Jet Pairs With Smart Access Firm Latch To Make Urban Delivery Easier is making it easier for New Yorkers to get their packages.

The eCommerce firm wants to make it easier to deliver to urban customers during the day when they are unlikely to be home. To that end, it has made a deal with smart access provider Latch that will provide about 100,000 residents of 1,000 apartment buildings in the city free access to Latch’s “R” system at their buildings’ exterior doors. Paying for the upgrade will come via a joint investment from Jet and Latch.

The “R” smart access system allows users to swap their keys for their phone — and to give anyone access to the building without walking all the way downstairs.  The system is obviously also designed to allow people to have packages delivered to their building even when they aren’t there to personally let the delivery guy in. The system is also designed so that property managers can grant access through the Latch system to trusted delivery providers like USPS. According to the two firms, the 1,000 units will come out of the box ready to provide access to Jet’s delivery partners.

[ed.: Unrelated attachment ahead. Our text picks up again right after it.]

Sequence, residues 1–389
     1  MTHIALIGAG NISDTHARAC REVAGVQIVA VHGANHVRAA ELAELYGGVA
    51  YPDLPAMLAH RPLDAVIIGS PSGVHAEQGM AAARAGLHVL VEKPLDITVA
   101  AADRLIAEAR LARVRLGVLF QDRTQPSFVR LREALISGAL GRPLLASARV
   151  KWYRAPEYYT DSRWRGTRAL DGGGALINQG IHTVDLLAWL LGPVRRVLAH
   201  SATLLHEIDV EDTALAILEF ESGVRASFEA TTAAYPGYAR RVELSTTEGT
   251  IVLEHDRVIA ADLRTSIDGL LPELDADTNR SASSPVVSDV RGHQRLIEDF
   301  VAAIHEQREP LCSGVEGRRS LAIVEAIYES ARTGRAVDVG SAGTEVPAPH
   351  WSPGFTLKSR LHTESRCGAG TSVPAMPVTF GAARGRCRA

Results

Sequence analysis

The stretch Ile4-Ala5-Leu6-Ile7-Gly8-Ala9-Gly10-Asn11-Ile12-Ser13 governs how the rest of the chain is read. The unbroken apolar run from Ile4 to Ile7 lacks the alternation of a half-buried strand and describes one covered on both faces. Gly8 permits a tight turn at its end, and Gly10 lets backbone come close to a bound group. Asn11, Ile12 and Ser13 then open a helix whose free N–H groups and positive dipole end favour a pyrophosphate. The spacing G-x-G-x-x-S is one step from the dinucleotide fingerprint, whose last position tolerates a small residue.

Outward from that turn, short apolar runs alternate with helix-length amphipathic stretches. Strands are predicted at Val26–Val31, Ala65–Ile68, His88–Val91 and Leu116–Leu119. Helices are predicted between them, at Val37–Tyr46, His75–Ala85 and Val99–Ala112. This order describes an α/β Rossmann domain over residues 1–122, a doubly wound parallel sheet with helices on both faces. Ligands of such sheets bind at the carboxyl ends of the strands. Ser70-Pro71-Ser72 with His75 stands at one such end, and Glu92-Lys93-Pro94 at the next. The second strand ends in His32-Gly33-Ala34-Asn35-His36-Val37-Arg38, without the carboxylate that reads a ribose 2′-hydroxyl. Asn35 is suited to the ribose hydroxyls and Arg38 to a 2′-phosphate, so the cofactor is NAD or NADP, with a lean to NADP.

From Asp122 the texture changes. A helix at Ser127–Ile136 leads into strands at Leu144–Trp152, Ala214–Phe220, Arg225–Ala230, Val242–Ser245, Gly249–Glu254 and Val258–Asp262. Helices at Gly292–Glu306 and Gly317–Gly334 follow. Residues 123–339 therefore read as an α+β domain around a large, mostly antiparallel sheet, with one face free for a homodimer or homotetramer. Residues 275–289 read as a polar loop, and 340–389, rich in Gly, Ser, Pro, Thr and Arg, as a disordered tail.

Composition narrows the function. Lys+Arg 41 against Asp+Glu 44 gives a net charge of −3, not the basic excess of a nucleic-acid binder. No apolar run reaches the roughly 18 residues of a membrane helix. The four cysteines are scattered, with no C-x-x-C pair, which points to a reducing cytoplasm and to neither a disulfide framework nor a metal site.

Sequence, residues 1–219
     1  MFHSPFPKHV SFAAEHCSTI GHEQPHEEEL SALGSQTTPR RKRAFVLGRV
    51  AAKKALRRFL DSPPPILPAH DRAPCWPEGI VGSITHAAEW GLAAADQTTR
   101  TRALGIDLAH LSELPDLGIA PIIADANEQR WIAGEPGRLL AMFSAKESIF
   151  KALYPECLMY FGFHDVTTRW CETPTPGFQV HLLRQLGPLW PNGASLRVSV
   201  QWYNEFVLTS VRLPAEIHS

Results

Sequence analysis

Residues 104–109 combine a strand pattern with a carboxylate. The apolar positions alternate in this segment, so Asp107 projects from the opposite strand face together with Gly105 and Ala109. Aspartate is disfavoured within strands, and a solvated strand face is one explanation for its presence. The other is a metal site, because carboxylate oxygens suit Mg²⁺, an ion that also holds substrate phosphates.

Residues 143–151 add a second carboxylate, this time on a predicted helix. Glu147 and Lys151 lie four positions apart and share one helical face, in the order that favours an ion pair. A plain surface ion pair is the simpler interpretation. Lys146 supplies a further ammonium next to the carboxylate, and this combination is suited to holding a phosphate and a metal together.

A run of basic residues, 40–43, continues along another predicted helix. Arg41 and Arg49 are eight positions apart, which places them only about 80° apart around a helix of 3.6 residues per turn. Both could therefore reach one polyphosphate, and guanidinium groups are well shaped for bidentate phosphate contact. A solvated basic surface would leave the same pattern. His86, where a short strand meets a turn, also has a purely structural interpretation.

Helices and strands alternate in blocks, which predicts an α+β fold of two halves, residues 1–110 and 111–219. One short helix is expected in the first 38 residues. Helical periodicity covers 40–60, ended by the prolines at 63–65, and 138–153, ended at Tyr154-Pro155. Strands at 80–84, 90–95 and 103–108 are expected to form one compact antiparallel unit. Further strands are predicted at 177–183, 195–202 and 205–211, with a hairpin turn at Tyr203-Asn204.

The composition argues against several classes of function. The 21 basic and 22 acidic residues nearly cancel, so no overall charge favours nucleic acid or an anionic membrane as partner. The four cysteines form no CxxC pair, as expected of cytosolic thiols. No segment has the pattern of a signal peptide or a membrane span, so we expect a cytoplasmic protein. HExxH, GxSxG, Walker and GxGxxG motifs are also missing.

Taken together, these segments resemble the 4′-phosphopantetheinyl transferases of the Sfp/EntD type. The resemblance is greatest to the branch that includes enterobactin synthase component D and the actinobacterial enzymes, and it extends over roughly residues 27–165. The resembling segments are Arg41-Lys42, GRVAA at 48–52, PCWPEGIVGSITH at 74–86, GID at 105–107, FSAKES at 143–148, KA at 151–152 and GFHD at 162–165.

To be clear, this is a marketing partnership and not an operational one — meaning other than alerting delivery drivers that customers are in a Latch building, there will be no big changes to Jet’s backend to accommodate the upgrade.

But it is a partnership that will hopefully give Jet the foothold in urban areas it desires, as being unable to receive packages at home is an endemic problem for most urban residents living in a building that doesn’t either have a doorman to take deliveries or a smart access system.

The hope of the pair-up, according to reports, is to give Jet a path to crack urban sales in much the way parent firm Walmart has already sewn up the rural sales market.  Reportedly, the tie-in with Latch is one of many solutions being considered internally to improve the prospects of getting packages into the hands of city dwellers. Also being considered: on-demand orders with short delivery windows and Locker-like products that can hold deliveries until users can pick them up.


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